The New York Times was great, and Le Monde was great, but for me it was all about Radio France Internationale, and to a lesser extent Jeune Afrique. People around Africa, around Senegal, around Chad, followed the story year in and year out. They identified with Souleymane [Guengueng, a former inmate], and Clément [Abaifouta, another former prisoner], and Jacqueline [Moudeina]. People understood how long they had fought; it became a saga, this legal and political soap-opera. Habré’s team did not campaign internationally; we had almost the monopoly in the international press. Habré’s strength was national. That’s where they had placed all their efforts. And that was much harder for us. We spent an enormous amount of effort trying to get the Senegalese public on our side.

What are the advantages and limits of universal jurisdiction?
We all agree that universal jurisdiction, like the ICC, is subsidiary. The ideal situation would have been for Hissène Habré to be prosecuted in Chad. But the conditions never existed for that. Everybody in our coalition accepted that sending Habré back to Chad was a dangerous idea. Because he could have been mistreated or killed. Because he certainly wouldn’t have got a fair trial. Universal jurisdiction was the only thing available. It was always Plan A. The difference in the Habré case was the predominance of the victims. Hissène Habré’s trial went down almost exactly as we would have planned it fifteen years earlier. The narrative that was presented to the court by the prosecutor was the narrative that the victims had woven. Certainly the trial would have been different had Habré built a defense, but I am talking about how the charges were framed. One of the critics that can be made of all the early ICC cases is that they were framed very narrowly…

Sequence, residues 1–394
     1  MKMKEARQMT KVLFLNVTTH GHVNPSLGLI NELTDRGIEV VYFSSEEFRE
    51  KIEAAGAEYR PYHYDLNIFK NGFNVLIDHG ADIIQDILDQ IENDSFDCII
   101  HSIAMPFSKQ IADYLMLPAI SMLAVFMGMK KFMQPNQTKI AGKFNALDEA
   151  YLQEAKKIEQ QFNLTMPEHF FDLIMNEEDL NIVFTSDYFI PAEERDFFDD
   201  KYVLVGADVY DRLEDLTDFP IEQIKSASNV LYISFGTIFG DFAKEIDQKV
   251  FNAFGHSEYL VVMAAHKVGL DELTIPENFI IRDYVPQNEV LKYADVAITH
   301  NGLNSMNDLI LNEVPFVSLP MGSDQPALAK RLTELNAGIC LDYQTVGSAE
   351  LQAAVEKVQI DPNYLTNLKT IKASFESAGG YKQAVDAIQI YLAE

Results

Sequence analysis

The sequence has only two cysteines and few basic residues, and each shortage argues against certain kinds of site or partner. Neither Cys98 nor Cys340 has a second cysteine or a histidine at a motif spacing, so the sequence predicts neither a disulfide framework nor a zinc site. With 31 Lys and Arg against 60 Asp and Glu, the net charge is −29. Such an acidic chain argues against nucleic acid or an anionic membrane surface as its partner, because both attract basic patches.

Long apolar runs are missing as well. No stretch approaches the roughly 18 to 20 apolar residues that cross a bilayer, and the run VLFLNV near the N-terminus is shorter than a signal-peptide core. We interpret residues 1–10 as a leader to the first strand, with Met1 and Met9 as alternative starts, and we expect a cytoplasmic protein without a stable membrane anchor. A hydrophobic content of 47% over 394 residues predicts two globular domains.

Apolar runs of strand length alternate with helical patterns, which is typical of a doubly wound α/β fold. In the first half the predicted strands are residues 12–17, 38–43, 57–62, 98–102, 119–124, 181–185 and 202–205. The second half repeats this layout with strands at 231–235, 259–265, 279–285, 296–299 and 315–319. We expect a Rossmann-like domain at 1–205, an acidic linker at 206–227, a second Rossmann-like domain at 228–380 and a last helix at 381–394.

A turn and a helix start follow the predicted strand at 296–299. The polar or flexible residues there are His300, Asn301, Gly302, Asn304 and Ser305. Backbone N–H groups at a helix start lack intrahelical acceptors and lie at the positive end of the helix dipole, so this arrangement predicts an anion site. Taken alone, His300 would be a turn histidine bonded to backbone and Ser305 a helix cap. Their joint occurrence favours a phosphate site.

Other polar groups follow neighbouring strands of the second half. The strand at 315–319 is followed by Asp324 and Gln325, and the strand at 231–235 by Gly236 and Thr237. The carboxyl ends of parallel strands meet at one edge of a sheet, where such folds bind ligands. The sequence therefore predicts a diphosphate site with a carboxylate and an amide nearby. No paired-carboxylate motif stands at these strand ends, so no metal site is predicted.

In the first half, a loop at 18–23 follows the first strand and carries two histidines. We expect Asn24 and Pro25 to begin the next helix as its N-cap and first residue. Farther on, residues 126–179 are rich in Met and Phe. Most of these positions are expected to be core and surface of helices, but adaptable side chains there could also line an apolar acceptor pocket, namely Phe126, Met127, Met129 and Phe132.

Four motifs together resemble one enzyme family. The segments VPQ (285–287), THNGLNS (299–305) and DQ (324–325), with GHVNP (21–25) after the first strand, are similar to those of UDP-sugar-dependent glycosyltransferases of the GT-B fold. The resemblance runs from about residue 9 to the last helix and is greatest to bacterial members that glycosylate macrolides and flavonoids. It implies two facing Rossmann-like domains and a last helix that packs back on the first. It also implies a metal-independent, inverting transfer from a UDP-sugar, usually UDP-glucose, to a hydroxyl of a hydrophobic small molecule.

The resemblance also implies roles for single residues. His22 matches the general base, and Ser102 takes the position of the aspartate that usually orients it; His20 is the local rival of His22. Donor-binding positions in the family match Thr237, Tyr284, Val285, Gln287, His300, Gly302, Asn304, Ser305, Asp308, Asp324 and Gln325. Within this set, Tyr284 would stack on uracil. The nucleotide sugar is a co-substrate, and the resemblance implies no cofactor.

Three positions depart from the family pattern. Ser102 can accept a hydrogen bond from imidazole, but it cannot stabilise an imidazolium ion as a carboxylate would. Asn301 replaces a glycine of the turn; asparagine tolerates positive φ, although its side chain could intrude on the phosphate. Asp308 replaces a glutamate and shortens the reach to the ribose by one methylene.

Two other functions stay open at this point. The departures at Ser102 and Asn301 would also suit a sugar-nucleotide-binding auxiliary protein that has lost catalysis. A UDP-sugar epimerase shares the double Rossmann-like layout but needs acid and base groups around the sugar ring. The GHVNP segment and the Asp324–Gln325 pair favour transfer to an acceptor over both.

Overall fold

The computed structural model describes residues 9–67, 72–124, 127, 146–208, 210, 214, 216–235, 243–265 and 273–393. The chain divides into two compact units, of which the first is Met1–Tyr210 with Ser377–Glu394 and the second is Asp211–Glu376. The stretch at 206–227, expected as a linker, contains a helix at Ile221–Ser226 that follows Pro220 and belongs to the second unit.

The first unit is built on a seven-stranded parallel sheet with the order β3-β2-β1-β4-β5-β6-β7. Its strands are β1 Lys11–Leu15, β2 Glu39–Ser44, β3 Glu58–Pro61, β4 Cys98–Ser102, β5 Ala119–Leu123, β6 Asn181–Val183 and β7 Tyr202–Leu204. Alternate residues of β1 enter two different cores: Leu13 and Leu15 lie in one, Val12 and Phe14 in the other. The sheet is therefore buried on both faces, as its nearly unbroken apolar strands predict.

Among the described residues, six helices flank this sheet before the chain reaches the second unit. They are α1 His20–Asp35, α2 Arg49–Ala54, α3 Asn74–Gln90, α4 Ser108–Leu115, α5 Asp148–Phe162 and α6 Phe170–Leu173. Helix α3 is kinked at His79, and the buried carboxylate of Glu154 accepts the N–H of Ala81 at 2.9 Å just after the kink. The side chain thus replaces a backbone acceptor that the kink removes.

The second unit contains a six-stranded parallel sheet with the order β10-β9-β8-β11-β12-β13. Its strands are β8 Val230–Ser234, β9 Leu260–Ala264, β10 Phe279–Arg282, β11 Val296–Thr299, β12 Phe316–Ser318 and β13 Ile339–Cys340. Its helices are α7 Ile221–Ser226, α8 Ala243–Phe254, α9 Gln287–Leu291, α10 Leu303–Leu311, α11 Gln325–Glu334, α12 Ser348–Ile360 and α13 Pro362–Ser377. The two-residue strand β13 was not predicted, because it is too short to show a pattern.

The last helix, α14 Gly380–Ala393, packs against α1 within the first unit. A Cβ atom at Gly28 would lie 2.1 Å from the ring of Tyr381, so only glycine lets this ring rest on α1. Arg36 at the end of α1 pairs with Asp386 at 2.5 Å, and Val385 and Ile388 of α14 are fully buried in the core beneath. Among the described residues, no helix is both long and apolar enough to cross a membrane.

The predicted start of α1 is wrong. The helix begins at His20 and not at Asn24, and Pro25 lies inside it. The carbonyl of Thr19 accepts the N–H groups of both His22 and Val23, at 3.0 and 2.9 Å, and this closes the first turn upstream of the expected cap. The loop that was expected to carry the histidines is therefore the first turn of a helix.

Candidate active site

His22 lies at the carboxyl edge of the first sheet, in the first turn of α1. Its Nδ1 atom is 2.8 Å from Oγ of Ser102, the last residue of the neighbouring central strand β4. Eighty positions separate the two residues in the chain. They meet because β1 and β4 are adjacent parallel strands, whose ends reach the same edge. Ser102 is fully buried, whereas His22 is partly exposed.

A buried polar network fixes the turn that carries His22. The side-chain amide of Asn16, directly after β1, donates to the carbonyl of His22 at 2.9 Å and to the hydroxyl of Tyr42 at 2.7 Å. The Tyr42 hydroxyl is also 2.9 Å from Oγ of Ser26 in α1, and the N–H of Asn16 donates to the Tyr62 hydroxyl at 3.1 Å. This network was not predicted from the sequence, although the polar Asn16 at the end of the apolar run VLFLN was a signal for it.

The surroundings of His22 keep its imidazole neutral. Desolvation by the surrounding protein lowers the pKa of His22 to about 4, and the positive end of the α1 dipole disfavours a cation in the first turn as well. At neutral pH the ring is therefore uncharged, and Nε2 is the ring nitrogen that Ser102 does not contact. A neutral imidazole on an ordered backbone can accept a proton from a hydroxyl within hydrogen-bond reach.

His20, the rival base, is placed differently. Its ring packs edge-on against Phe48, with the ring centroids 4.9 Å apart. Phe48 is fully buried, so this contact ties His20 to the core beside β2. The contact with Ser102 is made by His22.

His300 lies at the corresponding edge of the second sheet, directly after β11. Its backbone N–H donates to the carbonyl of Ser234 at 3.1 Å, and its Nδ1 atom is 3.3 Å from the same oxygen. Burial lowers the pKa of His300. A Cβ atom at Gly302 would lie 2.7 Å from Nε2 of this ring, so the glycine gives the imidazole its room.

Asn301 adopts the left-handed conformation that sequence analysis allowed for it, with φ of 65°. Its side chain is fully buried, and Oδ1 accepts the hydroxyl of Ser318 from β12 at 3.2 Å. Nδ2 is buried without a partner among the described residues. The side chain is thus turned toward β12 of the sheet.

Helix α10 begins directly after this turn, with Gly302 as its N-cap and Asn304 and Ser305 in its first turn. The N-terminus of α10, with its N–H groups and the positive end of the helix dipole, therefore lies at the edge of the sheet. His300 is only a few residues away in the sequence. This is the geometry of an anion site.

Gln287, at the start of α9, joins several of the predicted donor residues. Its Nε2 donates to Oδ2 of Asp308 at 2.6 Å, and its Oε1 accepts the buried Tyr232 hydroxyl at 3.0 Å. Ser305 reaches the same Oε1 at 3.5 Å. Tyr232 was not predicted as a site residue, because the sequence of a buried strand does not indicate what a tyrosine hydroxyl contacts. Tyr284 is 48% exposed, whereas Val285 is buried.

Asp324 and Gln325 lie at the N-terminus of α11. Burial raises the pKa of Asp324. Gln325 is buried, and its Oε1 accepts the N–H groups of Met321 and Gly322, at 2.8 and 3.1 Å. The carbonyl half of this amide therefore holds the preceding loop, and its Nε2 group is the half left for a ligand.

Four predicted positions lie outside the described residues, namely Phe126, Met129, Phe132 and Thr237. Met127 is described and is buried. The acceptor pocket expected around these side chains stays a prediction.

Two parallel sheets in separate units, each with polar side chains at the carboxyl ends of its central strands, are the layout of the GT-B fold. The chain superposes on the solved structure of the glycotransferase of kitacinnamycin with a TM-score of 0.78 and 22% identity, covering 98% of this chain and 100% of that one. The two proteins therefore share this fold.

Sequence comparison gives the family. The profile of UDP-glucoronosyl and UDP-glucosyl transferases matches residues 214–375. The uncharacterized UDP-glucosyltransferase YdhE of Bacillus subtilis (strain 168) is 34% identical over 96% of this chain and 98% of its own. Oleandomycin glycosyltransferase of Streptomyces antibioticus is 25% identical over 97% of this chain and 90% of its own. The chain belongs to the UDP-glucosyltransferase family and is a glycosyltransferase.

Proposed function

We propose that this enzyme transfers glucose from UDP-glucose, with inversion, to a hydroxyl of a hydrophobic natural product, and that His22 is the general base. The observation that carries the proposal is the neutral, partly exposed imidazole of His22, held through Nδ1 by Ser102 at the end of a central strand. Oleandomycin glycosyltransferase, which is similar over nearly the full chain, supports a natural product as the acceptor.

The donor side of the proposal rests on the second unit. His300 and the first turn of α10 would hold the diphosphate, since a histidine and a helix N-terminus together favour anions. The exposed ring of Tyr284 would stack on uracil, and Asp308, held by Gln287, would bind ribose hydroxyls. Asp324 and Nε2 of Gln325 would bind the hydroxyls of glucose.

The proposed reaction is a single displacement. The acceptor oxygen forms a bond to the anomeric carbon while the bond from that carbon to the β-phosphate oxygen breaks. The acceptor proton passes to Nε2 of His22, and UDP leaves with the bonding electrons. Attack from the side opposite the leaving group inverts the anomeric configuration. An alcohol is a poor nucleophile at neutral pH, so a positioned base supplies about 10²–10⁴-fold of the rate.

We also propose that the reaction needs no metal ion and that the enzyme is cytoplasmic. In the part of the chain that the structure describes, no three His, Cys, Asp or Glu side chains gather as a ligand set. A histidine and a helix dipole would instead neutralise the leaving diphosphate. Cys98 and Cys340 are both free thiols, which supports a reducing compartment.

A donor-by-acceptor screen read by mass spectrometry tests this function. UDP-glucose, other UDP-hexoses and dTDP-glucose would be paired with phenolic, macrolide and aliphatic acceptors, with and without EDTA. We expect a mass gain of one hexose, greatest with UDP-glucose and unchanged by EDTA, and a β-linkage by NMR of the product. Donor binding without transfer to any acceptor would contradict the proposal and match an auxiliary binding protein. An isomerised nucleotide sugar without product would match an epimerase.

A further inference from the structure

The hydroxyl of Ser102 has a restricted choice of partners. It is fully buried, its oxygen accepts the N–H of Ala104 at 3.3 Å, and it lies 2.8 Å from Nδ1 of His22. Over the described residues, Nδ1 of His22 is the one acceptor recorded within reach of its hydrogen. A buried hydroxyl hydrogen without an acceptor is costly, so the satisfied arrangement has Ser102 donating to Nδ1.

After the Habré trial you told me you wanted to take a break and do something else. A year later you were back in business, back to Human Rights Watch. What happened?
Well, as you know, Senegal and Gambia are very interconnected. And the whole time I was working on the Habré case people were saying: when you’re finished with Hissène Habré, why don’t you help the Gambians? It happened that just as we were finishing the Habré case Yahya Jammeh fled from power. And I was contacted by a Gambian woman whose father had been killed by Yahya Jammeh. So when we went for the final appellate verdict in the Habré case in Dakar in April 2017 we decided to go from Dakar to Banjul with Jacqueline, Souleymane, Clément, Abdourahmane [Gaye, a Senegalese survivor of Habré’s prisons], to meet with the new Gambian victims’ associations. The Chadians presented the story of what they had done and the Gambians had their eyes wide-opened. They saw what the difficulties were but they also saw that with determination and tenacity and luck and imagination, these obstacles can be overcome. So together we decided to give it a try. For me it was an opportunity to try to put in practice some of the things I have learned in the Habré case, hopefully without making all the same mistakes.